This series deals with American consumption at its worst. As we all consume and add to the heaps of waste piling up, it is no wonder that we, too, can begin to waste less. Simple acts, like using a Nalgene bottle for water and refilling it for everyday use, carrying a personal coffee cup instead of wasting one every day when we need our fix, and using canvas bags at the store would make a significant improvement.
Discussing waste reminds me of that scene in Sex, Lies, and Videotape, which opens with Andie MacDowell’s character, Ann, talking to her therapist about garbage. I relate as much to it now as I did watching it for the first time as a senior in high school.
ANN: “Garbage. I started thinking about what happens to all the garbage. I mean, where do we put all of it, we have to run out of places to put it eventually, don’t we? This happened to me before when that barge with all the garbage was stranded and nobody would take it? Remember that?”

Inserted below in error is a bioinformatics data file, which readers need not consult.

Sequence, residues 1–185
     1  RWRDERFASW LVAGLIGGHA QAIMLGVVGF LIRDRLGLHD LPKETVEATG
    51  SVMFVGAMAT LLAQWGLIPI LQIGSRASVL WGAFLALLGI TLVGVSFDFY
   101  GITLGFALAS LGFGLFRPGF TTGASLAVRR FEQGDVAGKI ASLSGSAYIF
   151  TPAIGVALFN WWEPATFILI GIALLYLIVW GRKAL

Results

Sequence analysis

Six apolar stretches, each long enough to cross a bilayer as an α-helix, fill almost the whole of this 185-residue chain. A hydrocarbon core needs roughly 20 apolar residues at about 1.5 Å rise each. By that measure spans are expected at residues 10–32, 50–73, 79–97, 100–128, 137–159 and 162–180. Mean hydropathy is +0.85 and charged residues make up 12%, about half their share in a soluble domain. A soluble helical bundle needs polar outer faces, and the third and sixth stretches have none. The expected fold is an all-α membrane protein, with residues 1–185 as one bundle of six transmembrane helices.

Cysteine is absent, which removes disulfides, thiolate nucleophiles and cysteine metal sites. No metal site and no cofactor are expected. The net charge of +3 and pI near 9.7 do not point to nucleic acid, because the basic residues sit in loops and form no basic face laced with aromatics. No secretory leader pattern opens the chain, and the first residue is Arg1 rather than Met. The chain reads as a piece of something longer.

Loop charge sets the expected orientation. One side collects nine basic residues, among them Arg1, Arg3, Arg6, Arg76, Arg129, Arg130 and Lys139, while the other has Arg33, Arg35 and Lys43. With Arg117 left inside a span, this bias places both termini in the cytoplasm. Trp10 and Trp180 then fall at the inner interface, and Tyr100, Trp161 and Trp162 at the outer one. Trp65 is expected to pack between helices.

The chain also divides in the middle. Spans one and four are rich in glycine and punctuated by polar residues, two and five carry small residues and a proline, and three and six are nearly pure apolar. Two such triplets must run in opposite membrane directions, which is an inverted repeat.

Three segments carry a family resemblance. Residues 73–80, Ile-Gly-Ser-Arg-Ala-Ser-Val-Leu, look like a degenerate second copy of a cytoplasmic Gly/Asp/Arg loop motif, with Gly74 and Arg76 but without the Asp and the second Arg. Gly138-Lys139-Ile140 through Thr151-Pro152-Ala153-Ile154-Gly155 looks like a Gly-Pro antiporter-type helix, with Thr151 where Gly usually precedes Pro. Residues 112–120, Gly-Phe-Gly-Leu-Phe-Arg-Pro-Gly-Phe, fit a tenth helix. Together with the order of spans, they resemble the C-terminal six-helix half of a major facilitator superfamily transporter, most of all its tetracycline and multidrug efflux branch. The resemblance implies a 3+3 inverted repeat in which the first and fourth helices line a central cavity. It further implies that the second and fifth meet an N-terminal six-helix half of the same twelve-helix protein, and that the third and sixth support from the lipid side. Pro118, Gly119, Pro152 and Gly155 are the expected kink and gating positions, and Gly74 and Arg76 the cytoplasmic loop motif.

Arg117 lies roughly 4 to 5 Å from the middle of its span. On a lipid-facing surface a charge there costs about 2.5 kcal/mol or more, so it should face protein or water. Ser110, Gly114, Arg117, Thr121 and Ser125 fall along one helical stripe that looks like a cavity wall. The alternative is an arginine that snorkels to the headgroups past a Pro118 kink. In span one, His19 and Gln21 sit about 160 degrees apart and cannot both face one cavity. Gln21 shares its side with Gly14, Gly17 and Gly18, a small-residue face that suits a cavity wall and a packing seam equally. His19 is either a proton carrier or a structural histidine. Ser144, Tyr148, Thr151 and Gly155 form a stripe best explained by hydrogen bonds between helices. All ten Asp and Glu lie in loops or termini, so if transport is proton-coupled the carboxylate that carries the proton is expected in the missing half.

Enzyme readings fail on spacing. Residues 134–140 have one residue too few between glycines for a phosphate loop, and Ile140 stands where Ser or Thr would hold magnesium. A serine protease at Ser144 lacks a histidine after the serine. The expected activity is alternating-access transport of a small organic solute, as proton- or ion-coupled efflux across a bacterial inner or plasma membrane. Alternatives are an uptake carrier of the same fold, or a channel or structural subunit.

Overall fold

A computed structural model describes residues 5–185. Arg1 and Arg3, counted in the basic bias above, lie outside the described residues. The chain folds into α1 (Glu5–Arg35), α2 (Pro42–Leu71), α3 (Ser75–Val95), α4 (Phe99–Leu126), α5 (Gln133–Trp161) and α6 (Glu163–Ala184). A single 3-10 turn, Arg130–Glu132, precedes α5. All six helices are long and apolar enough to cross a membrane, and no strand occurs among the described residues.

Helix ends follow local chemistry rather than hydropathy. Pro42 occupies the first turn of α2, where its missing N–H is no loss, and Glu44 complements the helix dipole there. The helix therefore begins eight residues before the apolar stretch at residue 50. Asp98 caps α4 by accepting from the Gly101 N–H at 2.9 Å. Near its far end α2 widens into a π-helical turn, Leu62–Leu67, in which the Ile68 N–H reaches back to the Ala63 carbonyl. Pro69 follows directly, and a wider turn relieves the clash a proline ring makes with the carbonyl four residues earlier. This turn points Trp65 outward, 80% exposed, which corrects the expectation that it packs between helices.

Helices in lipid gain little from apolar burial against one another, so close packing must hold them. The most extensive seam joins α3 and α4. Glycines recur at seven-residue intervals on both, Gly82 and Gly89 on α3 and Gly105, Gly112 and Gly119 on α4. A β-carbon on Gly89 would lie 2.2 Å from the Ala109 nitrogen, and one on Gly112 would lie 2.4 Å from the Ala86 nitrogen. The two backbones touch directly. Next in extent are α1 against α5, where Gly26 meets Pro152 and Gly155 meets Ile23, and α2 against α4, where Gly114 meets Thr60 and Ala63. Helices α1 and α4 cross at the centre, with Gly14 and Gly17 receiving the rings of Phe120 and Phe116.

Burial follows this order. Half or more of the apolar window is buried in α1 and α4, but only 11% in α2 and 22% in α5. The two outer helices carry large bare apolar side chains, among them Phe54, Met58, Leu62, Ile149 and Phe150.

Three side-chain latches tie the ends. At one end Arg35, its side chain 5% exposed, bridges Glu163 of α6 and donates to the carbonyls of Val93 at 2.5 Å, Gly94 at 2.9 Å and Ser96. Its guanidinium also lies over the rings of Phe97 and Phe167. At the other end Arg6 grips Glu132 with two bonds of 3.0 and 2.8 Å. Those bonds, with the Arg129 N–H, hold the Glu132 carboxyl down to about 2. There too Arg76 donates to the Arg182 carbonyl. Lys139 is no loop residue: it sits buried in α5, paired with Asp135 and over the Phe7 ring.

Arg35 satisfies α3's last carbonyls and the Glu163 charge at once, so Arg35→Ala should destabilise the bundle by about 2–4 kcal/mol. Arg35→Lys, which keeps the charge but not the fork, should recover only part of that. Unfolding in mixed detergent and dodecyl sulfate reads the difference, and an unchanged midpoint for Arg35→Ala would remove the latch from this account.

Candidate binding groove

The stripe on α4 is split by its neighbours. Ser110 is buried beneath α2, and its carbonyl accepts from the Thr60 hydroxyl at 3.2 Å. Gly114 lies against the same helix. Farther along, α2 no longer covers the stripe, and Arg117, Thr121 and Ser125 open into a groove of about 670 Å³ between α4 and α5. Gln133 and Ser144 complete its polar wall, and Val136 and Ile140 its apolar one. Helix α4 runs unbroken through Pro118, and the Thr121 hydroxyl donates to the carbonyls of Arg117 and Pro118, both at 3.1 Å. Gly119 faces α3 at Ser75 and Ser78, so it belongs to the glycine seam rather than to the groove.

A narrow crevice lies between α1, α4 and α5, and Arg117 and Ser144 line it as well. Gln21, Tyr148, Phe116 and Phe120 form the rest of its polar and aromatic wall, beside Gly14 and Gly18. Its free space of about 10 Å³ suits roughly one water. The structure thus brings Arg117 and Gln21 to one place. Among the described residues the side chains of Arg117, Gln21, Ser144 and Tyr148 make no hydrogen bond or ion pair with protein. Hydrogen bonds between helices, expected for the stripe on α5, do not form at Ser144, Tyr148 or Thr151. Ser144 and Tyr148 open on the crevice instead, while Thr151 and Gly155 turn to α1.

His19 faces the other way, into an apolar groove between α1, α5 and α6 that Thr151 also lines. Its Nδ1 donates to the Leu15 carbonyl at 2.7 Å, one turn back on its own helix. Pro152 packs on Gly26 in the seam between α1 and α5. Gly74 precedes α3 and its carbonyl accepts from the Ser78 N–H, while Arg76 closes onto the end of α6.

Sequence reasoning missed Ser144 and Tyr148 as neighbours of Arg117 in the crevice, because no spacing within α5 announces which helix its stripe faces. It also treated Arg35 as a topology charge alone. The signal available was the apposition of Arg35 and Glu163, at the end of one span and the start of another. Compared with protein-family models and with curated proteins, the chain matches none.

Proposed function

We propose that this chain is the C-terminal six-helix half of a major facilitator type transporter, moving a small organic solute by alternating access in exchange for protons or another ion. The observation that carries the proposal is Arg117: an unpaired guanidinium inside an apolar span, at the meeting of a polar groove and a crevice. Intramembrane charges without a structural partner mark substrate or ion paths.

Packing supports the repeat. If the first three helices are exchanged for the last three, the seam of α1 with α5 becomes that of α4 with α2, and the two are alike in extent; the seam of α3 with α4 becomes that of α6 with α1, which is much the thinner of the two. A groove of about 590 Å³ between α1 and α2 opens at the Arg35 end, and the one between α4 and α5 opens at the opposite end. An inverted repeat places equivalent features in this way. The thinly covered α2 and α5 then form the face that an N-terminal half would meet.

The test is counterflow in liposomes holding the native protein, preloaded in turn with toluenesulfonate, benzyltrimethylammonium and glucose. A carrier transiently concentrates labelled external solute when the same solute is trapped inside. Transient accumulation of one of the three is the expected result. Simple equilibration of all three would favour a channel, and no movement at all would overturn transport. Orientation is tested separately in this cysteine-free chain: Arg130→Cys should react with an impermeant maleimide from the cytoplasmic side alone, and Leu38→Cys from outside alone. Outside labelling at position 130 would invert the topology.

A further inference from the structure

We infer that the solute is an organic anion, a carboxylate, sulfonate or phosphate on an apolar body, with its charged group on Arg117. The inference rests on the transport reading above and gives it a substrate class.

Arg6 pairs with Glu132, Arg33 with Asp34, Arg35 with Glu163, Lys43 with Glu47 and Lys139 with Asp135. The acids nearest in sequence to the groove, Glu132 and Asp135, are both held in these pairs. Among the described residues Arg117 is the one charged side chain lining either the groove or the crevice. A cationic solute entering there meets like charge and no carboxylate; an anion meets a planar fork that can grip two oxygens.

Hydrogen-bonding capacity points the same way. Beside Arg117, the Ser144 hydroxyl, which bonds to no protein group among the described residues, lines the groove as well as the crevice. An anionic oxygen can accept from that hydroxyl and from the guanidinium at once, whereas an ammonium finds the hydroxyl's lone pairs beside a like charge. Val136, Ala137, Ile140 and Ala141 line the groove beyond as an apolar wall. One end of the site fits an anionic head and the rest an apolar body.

DOCTOR: “Yes, I remember. What do you do when these moods overtake you?”
ANN: “Nothing. I mean, nothing. I try not to do anything that will produce garbage, so obviously we’re talking about eating and basic stuff like that. Did you know that the average person produces three pounds of garbage a day?…Don’t you think that’s a lot of garbage? I’d really like to know where it’s all going to go.